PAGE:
Monday, October 6, 2008

A Very South Park Christmas

Ahhhh, "South Park". A bastion of both political satire and commentary on the superficiality of entertainers. It's also a lifesaver for my family. I know, I know, what kind of family would consider "South Park" a lifesaver? With its lowbrow humor and often disgusting content (which I find endlessly hilarious, so sue me), it's not what you'd call family entertainment. At least, not in families other than my own.

Let's go back to 1996, my cousin Ellen and I were in our senior year of high school, I had just turned 17 on November 5th. Our grandma had been sick for going on 3 years now, which was both good and bad- good because we got more time with her, bad because she was changed- our grandma was gone and a shell of her remained. Christmas was coming up, a holiday our extended family used to spend at Grandma's house. I had gotten all the gifts for my friends and family, carefully choosing those gifts that were the best fit for each person. It was a Wednesday afternoon two days before Christmas break began, and my mom and I had just returned from Target. We had a message on the answering machine. It was Ellen's sister Amy, three years older than we are. The message was chilling, "Hello? Mark (my dad)? Can you give us a call? Grandma's gone." You could hear the tears in her voice, and then my Dad's voice as he picked up the phone in the midst of the message being left. Then the phone rang- it was my Dad calling to tell me to get over to my cousin's house.

That was probably the worst Christmas of my life. Spending your holiday break numb inside, waiting for the inevitable tears to fall. I couldn't understand why everyone else in the family was crying, and I couldn't. I loved her too, I missed her, I wanted to be back in her arms again, smelling of rose lotion and Coty powder. It's funny, how now just writing that phrase brings tears to my eyes, yet back in 1996, I was a stone. It wasn't until her funeral, when it all hit me. Ellen stood at the podium and talked about our grandma and what she had brought to our life. I sat there, alone in the pew trying to keep my sobs as quiet as possible, only succeeding in making them echo throughout the room. When I saw the parents I had baby-sat for, neighbors of my grandma, sitting in the pews, I cried harder. This was it. Grandma was gone. She wouldn't be leaving tomatoes on their back porch anymore. She wouldn't wave across the street to me, while I walked the halls consoling a teething 2 year old.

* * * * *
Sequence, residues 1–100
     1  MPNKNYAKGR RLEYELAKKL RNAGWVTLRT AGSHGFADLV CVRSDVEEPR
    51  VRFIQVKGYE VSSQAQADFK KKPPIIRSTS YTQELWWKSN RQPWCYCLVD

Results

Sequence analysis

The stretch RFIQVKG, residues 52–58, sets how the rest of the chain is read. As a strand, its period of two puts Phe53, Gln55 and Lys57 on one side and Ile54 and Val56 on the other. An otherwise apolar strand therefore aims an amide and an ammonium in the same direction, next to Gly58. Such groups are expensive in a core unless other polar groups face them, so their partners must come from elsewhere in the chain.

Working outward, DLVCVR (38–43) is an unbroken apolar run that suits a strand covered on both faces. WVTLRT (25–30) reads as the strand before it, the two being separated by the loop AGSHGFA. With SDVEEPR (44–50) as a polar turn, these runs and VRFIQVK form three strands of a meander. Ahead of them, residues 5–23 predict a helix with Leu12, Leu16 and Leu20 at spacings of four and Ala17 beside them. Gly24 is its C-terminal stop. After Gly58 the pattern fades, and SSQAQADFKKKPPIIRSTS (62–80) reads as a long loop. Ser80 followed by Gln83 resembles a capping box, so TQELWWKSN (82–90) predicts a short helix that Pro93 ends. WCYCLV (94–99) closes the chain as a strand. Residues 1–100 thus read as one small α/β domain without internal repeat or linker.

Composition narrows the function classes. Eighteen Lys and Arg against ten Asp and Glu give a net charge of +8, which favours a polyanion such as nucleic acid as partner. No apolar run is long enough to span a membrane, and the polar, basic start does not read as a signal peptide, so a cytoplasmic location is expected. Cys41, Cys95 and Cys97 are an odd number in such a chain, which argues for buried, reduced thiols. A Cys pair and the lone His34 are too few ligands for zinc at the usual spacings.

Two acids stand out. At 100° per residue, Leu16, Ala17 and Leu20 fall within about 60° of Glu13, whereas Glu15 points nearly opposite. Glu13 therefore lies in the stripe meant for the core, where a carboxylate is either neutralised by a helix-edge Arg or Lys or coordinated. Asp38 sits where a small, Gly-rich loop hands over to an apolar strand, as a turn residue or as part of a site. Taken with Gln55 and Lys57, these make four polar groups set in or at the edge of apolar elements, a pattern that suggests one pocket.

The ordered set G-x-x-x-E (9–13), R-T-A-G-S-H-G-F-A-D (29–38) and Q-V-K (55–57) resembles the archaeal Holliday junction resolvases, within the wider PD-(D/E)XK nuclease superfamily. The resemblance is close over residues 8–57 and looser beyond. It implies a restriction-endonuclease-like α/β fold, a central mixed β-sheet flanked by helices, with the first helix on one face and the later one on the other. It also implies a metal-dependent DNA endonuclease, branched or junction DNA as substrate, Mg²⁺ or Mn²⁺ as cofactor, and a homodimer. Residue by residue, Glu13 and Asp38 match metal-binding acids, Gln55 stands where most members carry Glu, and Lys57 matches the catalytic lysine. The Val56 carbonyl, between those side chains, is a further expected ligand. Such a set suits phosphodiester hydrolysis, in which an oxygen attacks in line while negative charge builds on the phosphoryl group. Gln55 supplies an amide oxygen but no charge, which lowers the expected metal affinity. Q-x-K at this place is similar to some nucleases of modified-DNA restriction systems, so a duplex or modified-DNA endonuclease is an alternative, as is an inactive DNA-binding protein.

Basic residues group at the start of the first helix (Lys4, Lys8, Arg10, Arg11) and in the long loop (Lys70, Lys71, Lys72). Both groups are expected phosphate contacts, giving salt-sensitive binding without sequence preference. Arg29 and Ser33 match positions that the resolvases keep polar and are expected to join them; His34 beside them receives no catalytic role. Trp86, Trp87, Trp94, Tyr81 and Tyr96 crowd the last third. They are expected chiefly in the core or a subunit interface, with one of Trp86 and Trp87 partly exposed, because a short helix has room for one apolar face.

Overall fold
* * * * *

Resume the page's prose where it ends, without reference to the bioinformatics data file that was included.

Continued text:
What does this have to do with "South Park", you ask? Well, as I had mentioned, Grandma had passed away about 5/6 days before Christmas, and we were all just so down. It was like the world was in color, and we were all in black and white. What to do for the usual festive holiday? The gifts were bought and wrapped, and yet the joy was gone. My cousin Mike was working for MTV at the time, and they had received a demo of something they had ultimately passed on. So, Mike brought it home to us, and showed it to us on Christmas day. It was the "South Park" Christmas card (aka The Spirit of Christmas), a precursor to South Park.

For some ridiculous reason, MTV passed on this goldmine, and Comedy Central picked it up. "The Spirit of Christmas" gave us a Christmas filled with laughter and crudeness, just what our family needed (as evidenced by our Thanksgiving choice of entertainment: "Kingpin"). There were horrible references to Santa Claus, and disgusting references to a pig, and there were smiles on our faces. Amazingly, my cousin Mike and South Park had saved Christmas- our very first without Grandma.

Luckily, one of the producers of the show is a parent at Paul's school. Paul coaches his kids in various sports, and we've been invited to their house for various holidays. Their daughter Milan (who actually has done a few voices on the show) looks exactly like me at that age, and their son is a sweetheart. After 10 or so years, I was able to thank "South Park" for what they did for us all those years ago. And yes, we did make fun of MTV for passing on that opportunity.

It's not often you can say a cartoon (especially such a foul-mouthed one) saved Christmas, but it did. And that's why you'll find "South Park" being DVRed every Wednesday in our house. I owe them.

1 comment:

Kj said...

love this post.